Rethinking learning how to write, I’ve decided to seriously practice, so I can get to Carnegie Hall.
The expertise literature is old news. Malcolm Gladwell‘s book Outliers suggests that “greatness requires enormous time.” A constant theme in the book is Anders Ericsson’s theory that in order to be an expert, one must spend around 10,000 hours practicing in an area. For example, the Beatles performed over 1200 times in Hamburg from 1960 to 1964. That kind of practice changes art.
In our own genre, Jay Lake is an example of this. Jay was a story-writing, rejection-receiving machine, until ultimately his expertise caught up with his output.
There are other factors that we commonly believe help us succeed. The public thinks “our smarts, ambition, hustle and hard work” are among these, although Gladwell remains skeptical. I think they probably do play a role, although they are no substitute for expertise. Gladwell also continues to question about whether environment plays a part.
I’ve been thinking about my writing. As a writer who didn’t buckle down until later life, I realize that I have quite a long way to go before I reach those expert hours. In order to invest 10,00 hours in my writing, I’d have to spend 20 hours a week writing for 10 years. (520 weeks X 20 hours = 10400). That’s an ambitious schedule. I probably don’t have quite that many hours to go. Even the hours from when I hadn’t buckled down count.
I’m about to do some math. You can skip to the bottom of the math, and get to the point. Here we go.
The books I wrote in my childhood? They count, even though they are hardly expert. Let’s give that time of writing about 500 hours (three books of terribly stinky quality from the ages of 12-18).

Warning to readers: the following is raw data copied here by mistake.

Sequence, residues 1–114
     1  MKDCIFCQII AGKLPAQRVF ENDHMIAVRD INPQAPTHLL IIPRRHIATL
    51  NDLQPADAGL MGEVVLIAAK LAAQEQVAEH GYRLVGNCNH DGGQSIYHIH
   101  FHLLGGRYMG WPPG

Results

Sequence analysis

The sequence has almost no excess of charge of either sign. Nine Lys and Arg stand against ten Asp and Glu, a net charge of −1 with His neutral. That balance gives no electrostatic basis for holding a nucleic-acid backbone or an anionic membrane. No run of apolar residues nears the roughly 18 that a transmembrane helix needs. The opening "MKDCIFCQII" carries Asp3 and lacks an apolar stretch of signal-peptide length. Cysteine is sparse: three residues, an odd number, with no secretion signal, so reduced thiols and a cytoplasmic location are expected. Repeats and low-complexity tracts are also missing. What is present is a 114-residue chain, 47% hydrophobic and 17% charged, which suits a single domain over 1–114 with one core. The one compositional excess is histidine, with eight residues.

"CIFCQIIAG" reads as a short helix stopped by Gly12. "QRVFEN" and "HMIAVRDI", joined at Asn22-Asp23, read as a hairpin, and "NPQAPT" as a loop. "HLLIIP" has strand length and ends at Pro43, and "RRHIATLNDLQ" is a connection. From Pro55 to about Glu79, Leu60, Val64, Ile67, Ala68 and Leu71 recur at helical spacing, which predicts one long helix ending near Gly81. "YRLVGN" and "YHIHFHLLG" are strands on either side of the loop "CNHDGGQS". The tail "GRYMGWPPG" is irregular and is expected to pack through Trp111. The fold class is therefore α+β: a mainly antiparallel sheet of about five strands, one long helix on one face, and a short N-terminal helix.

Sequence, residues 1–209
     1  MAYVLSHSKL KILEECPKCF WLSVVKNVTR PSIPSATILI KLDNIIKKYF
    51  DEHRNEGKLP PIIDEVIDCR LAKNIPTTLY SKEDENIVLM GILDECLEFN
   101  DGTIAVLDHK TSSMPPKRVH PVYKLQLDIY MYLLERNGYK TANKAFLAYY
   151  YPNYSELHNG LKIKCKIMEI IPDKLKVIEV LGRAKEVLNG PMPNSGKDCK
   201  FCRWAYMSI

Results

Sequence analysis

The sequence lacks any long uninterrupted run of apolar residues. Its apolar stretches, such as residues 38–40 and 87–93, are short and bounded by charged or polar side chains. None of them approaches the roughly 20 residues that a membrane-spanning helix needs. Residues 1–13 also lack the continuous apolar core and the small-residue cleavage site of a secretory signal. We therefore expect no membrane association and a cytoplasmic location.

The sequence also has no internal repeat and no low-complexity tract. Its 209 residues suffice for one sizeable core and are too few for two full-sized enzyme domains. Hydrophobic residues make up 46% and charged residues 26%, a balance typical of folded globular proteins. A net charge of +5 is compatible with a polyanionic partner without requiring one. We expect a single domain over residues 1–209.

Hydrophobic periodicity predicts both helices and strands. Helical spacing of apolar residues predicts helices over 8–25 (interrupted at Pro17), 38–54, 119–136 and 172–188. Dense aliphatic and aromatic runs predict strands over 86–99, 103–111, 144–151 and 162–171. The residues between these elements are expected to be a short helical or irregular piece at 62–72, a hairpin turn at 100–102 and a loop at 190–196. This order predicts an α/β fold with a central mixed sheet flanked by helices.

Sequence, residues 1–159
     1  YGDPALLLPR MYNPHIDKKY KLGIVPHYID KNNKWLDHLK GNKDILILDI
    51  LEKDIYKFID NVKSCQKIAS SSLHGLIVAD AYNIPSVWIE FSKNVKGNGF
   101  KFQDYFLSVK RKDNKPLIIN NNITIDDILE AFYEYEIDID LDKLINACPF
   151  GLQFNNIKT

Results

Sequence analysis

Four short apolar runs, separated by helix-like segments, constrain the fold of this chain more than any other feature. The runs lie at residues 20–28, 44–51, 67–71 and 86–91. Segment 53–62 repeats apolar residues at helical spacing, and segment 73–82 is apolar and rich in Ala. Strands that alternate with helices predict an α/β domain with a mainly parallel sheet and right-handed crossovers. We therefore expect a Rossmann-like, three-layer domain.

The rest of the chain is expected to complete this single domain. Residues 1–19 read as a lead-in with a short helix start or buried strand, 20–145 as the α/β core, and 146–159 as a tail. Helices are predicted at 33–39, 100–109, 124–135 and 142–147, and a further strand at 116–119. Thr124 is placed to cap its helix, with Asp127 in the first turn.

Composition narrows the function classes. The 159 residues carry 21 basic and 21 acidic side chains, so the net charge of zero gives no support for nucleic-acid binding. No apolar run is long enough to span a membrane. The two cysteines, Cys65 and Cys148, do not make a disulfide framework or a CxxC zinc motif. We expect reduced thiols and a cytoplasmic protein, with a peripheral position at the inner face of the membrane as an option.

No writing time as an undergraduate. As an MA candidate, a lot for one year. I’d say we came close to 1000 during that experience.
After I started my teaching job, I wrote two books. I’m going to give myself another 500 hours for those books.
And then, after the PhD, there was the fan fiction period from 2002-2004. I’ll easily give myself 1000 for that, as well as the ideas for the Klarion series.
In 2007, I began to pursue writing more seriously. For these 3 years, I’ll keep the estimate to another 1000.
That’s 4000 hours. I need about 6000 hours to go. That means I need to write for about 20 hours a week for six more years in order to get myself up to speed. Looking realistically at my life, I’m not seeing that as possible. For pockets of time I could do this, but not overall.
How about setting the goal of expertise for 10 years from now, when I retire? That’s a more realistic 12 hours a week. Can I find 12 hours a week to write for the next ten years? I think I can. It’d vary from week to week, but I think I could schedule that. And still work out, have a social life, and have time to do other things.
Right. That’s the math. And that’s the New Year’s Resolution. To write 12 hours each week until I am able to write MORE per week.
Why focus on time?
1. Focusing on word output always makes me feel backwards while I’m revising.
2. Research time, carving out time lines and outlines count, but don’t in word count.
3. Word count focus puts the emphasis on the artifact, rather than the creator. I’m the one getting the training!
How about the rest of you? Are you willing to make some sort of time commitment (weekly, daily) to improve your art? It seems like a great idea for a resolution.